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Chinua Achebe’s Significance to Me

Chinua Achebe

Chinua Acebe speaking in Buffalo, NY Sept 25, 2008. Photo by Stuart C. Shapiro.

Around the world, people are reflecting on Chinua Achebe and mourning his death.  One of my favorite NPR reporters, Ofeibea Quist-Arcton, did this beautiful report from Lagos, Nigeria.  I want to add my own appreciation to the mix.

Through his novel Things Fall Apart, Achebe introduced the world to the colonial experience from the perspective of the colonized.  He resisted any temptation to paint an idealized portrait of traditional Igbo society.  The main character, Okonkwo, brings suffering on himself and others through lack of impulse control and deep seated fears, and there is no refuge for the son who can’t live up to his expectations.  There is a violent conflict with another village and an oracle orders the death of a very appealing young man.  On the other hand, there is a justice system and a sense of social order; children are cared for, food is grown and bought and sold, people entertain each other and work together most of the time.  It is a civilization that looks completely different from that of the western world, but Achebe makes it make sense to western readers.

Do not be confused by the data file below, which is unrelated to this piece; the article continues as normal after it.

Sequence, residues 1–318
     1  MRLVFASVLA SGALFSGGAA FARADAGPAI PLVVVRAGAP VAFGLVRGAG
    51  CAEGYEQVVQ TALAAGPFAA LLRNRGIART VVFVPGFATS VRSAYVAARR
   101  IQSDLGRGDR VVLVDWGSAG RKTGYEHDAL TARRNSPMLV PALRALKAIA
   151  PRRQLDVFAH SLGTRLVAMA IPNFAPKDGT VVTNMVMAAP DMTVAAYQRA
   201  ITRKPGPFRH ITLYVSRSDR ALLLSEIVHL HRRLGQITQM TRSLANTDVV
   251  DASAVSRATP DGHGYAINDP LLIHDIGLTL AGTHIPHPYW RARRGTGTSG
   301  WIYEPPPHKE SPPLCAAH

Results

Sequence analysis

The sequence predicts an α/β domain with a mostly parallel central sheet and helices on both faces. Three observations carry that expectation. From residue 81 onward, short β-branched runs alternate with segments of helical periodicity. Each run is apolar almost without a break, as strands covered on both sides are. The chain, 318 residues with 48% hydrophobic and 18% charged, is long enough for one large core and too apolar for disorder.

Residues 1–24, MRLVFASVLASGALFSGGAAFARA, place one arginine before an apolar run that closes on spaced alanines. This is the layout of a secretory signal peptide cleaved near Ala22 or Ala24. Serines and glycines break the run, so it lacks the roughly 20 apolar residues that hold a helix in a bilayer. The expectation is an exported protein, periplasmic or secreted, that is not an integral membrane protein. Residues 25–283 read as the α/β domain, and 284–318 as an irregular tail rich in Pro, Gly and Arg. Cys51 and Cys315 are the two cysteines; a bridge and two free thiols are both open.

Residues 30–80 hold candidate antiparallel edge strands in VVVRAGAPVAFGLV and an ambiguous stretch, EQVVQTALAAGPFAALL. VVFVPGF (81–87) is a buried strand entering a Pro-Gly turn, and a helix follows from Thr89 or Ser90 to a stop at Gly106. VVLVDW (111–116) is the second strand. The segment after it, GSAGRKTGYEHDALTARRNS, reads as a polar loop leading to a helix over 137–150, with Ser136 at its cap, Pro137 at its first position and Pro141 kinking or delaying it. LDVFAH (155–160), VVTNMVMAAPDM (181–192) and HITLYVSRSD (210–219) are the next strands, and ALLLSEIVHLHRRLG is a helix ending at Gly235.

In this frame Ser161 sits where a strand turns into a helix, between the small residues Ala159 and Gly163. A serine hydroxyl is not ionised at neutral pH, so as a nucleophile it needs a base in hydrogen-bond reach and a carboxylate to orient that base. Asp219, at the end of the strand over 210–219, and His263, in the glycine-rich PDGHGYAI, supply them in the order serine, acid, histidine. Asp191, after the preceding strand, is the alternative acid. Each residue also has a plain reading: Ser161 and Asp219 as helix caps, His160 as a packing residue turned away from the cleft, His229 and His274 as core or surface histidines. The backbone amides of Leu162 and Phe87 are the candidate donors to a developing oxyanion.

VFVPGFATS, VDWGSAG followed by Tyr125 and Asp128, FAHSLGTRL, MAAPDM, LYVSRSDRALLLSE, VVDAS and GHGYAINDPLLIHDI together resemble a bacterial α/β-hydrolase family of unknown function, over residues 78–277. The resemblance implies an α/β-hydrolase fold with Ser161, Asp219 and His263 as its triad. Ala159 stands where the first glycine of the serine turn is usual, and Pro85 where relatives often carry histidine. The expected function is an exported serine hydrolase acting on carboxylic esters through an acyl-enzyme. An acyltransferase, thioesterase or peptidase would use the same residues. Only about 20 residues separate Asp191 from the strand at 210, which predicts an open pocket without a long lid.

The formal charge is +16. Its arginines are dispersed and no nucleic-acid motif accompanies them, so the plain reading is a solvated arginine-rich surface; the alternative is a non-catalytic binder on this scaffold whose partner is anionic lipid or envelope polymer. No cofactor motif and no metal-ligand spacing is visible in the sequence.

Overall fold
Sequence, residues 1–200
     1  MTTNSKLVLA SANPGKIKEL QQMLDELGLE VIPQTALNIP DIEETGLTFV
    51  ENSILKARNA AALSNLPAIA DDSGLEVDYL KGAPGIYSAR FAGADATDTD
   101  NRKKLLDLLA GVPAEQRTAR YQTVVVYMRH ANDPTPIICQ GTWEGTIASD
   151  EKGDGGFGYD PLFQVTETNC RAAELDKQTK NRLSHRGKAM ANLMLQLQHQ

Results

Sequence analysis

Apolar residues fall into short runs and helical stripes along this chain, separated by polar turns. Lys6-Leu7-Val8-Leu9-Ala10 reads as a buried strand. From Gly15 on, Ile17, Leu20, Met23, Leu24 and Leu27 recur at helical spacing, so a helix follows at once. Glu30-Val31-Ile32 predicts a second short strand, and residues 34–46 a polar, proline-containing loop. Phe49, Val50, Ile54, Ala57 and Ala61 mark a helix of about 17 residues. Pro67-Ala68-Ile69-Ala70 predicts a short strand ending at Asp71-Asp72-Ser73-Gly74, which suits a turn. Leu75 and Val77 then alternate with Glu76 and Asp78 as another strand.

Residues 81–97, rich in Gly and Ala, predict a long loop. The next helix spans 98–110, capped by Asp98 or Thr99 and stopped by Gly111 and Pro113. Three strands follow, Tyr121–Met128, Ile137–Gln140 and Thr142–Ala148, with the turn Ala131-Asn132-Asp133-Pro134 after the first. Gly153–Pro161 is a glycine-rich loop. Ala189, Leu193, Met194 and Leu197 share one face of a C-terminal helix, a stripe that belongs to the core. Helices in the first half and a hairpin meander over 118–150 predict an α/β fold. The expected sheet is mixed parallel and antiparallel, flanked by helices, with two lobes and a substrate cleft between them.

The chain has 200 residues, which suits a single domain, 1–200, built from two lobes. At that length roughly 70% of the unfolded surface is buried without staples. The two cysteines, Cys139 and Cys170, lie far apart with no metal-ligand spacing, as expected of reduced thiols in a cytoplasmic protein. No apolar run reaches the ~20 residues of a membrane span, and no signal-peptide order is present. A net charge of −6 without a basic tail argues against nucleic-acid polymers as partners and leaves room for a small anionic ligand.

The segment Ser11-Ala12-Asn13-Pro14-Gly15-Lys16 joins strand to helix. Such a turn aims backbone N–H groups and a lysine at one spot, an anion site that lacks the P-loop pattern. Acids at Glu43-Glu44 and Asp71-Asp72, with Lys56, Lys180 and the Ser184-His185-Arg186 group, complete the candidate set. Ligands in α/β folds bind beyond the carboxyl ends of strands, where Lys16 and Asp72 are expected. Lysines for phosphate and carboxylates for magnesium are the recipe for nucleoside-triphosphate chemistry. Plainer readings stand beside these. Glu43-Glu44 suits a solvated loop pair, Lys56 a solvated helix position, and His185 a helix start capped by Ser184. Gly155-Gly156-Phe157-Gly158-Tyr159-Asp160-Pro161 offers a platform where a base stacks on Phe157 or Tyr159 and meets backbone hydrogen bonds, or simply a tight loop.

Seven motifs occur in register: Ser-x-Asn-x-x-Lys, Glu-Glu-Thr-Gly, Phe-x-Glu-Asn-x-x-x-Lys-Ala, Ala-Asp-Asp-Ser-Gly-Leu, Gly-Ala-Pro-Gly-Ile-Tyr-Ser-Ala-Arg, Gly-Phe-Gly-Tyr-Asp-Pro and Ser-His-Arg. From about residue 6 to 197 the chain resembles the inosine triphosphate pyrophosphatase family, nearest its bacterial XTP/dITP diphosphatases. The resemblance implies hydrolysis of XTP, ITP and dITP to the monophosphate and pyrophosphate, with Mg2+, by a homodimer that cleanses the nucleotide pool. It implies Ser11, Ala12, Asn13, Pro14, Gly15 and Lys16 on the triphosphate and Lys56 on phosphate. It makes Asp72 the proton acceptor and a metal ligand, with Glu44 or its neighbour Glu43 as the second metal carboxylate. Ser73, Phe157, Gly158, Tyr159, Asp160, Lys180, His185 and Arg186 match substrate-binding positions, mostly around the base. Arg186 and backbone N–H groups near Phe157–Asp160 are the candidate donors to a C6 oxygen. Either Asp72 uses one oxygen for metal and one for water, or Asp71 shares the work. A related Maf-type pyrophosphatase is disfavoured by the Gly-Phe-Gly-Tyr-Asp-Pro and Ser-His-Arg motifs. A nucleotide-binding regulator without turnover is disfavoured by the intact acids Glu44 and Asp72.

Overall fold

If we were to visit the world of this novel on our own, most of us would be utterly lost.  Achebe, however, was one of those rare and magnificent communicators who can reach across a great gulf of understanding and bring people to the other side.  Such people have made an enormous difference in my life–people in Greece and Israel and India and Durham, NC who have helped me understand what was going on around me, who have given me access to different ways of thinking and living.  Achebe will continue to do that for millions of readers.  What a wonderful gift to the world!

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